Stephen Baker

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My answers about government datamining

June 15, 2013Datamining

An Italian journalist sent me questions the other day about the government datamining we've been learning about of late. I answered her questions. Since maybe only one of these sentences will turn up in her article, and in Italian, I figured I might as well blog our exchange:

Q: Do you believe that data mining is necessary to keep the US safe? What occured in Boston was just the last of a series of attacks and I have read that American public opinion is divided right now between the ones who favour safety and those who defend privacy.


A: Some degree of data mining is inevitable for a modern state to protect itself, not only from terrorists, but also from crime, traffic and industrial accidents and catastrophic weather. The question is not whether we sacrifice our privacy for safety, but instead how much the government can see, what the limits are and how they are enforced. Right now, it seems as though the government reserves the right to define all those limits for itself. It asks us to trust its judgment. I think the limits will have to be spelled out, and the citizens will demand and deserve some sort of oversight over these operations, perhaps by a congressional committee (even though confidence in Congress is at all-time lows).


The other important point is what the data can be used for, and what conclusions can be drawn from it. Imagine, for example, that in their hunt for terrorists dataminers find possible evidence of tax fraud, or perhaps a ring of pedophiles. Can we expect them to turn a blind eye to it? I don't think so. In that case, what begins as an invasion of privacy to protect the nation turns into a surveillance state.


Q: The Verizon and Prism scandals have definitely brought to light the fact that American citizens’ privacy cannot be taken for granted and is virtually non-existent. Do you think what is happening will help change the situation? I mean, will this monitoring of people’s private communication diminish or finish after the scandal or will it go on as usual?

A: In my book, The Numerati, I argue that data mining is pervasive, in government and industry, and will only grow. Privacy advocates are sure to put up a fight, as will a number of government regulators. But the trends favor datamining. Consider what most consumers in the world are interested in. Most of them want convenience and economic savings, a cleaner environment, less waste, and more safety. Data mining promises results in all of these areas.


I should add that the data economy is full of hype, and that many of the promises turn out to be exaggerations, or false. In my book, I argue that the most problematic area is in data mining for terrorism. Companies like Amazon and Google, after all, can study the behavior of billions of shoppers, while anti-terrorism data miners have very little behavioral data about terrorists.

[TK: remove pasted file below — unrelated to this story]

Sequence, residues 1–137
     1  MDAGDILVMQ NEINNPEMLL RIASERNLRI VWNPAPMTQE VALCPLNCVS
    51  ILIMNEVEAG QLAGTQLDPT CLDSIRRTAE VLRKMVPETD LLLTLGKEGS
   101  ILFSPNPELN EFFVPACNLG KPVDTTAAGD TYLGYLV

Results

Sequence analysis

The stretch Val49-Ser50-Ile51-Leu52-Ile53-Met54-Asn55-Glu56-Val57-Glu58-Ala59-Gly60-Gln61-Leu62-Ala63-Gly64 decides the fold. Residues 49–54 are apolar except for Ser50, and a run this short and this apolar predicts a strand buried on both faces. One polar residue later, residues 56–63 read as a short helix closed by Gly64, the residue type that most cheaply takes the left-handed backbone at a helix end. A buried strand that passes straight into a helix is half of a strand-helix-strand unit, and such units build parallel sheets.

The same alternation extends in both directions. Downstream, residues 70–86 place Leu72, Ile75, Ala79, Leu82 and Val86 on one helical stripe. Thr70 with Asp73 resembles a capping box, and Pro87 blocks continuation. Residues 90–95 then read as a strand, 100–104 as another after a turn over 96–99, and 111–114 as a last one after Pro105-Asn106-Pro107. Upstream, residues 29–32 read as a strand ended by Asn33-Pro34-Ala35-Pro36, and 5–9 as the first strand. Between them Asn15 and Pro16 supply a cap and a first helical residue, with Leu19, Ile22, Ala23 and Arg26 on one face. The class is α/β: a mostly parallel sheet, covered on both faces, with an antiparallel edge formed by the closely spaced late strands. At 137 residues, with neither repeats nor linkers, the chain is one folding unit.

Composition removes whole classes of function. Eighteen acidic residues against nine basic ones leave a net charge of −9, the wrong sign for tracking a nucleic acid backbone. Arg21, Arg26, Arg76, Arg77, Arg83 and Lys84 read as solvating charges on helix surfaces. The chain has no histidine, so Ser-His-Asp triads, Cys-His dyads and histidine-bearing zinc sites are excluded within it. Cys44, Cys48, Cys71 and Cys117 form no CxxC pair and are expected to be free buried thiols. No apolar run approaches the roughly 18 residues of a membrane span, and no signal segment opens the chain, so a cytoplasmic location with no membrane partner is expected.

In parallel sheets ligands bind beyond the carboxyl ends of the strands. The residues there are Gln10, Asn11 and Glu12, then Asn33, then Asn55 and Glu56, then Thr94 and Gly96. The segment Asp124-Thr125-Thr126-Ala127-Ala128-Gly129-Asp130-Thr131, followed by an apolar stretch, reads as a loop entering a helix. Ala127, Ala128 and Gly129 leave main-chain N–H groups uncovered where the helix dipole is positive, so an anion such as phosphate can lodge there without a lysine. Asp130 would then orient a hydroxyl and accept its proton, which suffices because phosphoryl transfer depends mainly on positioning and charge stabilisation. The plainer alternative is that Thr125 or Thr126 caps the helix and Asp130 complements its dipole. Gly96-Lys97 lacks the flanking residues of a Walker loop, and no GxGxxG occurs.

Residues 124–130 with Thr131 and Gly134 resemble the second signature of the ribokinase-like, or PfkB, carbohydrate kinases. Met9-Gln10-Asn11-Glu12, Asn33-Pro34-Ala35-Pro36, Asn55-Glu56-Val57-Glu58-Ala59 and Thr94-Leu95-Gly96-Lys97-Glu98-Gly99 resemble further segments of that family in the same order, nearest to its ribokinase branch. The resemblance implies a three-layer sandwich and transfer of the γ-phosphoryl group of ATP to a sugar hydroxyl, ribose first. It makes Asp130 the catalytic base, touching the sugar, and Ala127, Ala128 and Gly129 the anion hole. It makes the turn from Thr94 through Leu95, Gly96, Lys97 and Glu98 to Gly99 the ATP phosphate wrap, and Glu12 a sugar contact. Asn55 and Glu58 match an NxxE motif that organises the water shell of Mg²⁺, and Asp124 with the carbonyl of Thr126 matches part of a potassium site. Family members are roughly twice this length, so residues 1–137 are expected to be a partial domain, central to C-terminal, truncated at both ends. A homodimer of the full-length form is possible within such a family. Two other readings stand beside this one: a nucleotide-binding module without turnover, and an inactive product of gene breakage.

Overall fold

Q:  International web users are also involved and I myself may be under surveillance after sending these emails to you…. Some people willingly publish personal data on social networks, others do not realize the dangers. What is your advice to internet users? Will people become warier when using the web after this datagate?


I think people will grow increasingly sophisticated about their data, and how to protect the secrets that matter to them. That said, it is remarkable how careless people are. A decade ago, hotels in the United States were among the biggest purveyors of pornography. Guests paid $10 or $20 to watch pornographic channels in their rooms. Who knows how many of them stopped to wonder, or to care, whether they were sharing their choices with the management of the hotel. That business has declined sharply, because travelers now bring laptops to their rooms, and look at Web sites. So now, their Web wanderings are available not only to the hotel, which runs the Wi-fi network, but also to a host of Web sites and their partners. These people may say in surveys that they care about privacy. And perhaps they do. But their appetites and desires lead them to share intimate details about their cravings with a broad range of companies and yes, the government.


My point is that while people claim to care about privacy, they often are not willing to forego convenience, pleasure, economic savings or the promise of security for it.



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